Today you will write 1000 words. You are inspired and fired up and ready to make this happen. It’s truly thrilling when you stop and think about it. One thousand words. All yours.
This year I’m working on finishing up an essay collection – which I started developing during last year’s #1000words! – and my biggest challenge with it is believing that my stories are important. Is this or that part of my life relevant to anyone else? Are my words necessary? And every day I have to tell myself: Yes, they are.
Now is exactly the time to consider your words necessary. To say to yourself: what I’m writing matters. Make it feel more urgent. Make it feel crucial. Watch the words tumble out when you believe what you have to say to the world counts.
Today’s guest contributor is a writer I have long admired, Rebecca Carroll. She is the host of the excellent podcast “Come Through with Rebecca Carroll” on WYNC and is the author of the highly anticipated forthcoming memoir Surviving the White Gaze. Her most recent piece of criticism was this impeccable piece for the New York Times Book Review.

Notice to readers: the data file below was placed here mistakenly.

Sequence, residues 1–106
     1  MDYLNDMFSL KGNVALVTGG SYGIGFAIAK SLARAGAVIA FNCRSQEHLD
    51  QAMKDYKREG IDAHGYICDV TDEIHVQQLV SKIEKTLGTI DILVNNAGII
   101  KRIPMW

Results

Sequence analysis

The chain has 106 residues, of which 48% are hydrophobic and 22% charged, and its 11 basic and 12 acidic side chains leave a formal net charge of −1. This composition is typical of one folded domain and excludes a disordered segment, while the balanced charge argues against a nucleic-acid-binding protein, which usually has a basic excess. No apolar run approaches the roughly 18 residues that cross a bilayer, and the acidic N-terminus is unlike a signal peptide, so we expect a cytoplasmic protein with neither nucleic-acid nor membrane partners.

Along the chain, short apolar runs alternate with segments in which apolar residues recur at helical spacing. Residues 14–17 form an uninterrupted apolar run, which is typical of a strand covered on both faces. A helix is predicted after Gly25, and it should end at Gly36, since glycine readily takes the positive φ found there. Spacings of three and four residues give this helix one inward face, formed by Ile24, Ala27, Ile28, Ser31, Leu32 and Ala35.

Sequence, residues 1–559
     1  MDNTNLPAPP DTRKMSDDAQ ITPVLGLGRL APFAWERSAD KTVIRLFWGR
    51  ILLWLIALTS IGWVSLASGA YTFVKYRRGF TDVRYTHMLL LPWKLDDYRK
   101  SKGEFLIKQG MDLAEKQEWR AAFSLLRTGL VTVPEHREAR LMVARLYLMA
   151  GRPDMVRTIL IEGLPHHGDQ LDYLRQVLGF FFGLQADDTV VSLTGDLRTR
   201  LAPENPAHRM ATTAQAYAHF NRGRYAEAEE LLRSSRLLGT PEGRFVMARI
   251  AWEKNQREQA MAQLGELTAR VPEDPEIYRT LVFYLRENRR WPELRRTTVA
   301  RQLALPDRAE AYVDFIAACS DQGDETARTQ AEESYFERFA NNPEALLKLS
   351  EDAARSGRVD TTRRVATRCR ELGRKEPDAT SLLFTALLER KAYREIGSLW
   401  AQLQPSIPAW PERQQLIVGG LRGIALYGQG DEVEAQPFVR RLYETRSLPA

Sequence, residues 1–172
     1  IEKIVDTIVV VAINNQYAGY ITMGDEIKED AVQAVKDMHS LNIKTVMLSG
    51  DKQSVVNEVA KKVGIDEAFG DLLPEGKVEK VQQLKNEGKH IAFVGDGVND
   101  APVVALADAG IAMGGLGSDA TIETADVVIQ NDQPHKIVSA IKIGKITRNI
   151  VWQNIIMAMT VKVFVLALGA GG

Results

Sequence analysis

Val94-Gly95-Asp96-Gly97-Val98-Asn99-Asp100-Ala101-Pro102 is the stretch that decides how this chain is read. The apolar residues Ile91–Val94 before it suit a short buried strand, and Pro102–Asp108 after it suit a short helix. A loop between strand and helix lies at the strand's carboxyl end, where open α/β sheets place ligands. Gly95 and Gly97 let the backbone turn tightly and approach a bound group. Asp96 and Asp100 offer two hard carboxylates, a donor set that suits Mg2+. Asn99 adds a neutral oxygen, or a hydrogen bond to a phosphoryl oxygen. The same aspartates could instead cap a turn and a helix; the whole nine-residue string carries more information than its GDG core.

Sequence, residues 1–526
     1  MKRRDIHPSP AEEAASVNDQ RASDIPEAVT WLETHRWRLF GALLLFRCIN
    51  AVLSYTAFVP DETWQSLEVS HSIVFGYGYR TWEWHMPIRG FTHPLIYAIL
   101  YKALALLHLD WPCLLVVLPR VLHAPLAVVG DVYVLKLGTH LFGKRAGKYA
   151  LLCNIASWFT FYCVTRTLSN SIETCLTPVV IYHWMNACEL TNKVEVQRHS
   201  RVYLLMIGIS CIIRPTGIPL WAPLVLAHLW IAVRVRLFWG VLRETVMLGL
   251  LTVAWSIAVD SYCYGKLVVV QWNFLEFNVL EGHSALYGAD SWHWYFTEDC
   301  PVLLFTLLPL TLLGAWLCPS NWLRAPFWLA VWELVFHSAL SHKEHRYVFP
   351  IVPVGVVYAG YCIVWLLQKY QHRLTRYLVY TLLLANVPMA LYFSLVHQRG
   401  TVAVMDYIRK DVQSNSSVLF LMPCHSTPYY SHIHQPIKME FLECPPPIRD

Rebecca’s talking to us today about her process.
“I write at the kitchen table, which is at the center of our apartment. It's attached to the living room, where the TV is, and the apartment is small to begin with. I write when my teenage son is watching TV and though he watches most of shows and movies on his phone, the quarantine has made him yearn for a change of venue every so often. But even before the pandemic, I wrote an entire book during both the NFL and NBA 2019 seasons — my son and husband are rabid fans.
I take breaks to make my son breakfast and lunch, and then sit back down to write. I answer his questions and try to mitigate his boredom now that we're in lockdown all day while simultaneously working. Since he can’t get to the barber, he recently decided that rather than risk trusting me to give him a proper line-up, he’s giving over to growing his hair out. Every few days, he sits on the floor between my legs and I twist his hair into drop twists while we watch an episode of ‘Riverdale.’
I guess I've always written and created within a certain measure of chaos — emotional, psychological, logistical. My overall approach in everything I do is and has always been collagist. I find inspiration in the elegant clutter of things. The art on our walls, the books on our shelves, the sound of trap music that spills from my son’s headphones. My writing is in conversation with the tenor of our lives.”
Where will you find your inspiration today? Is it already all around you?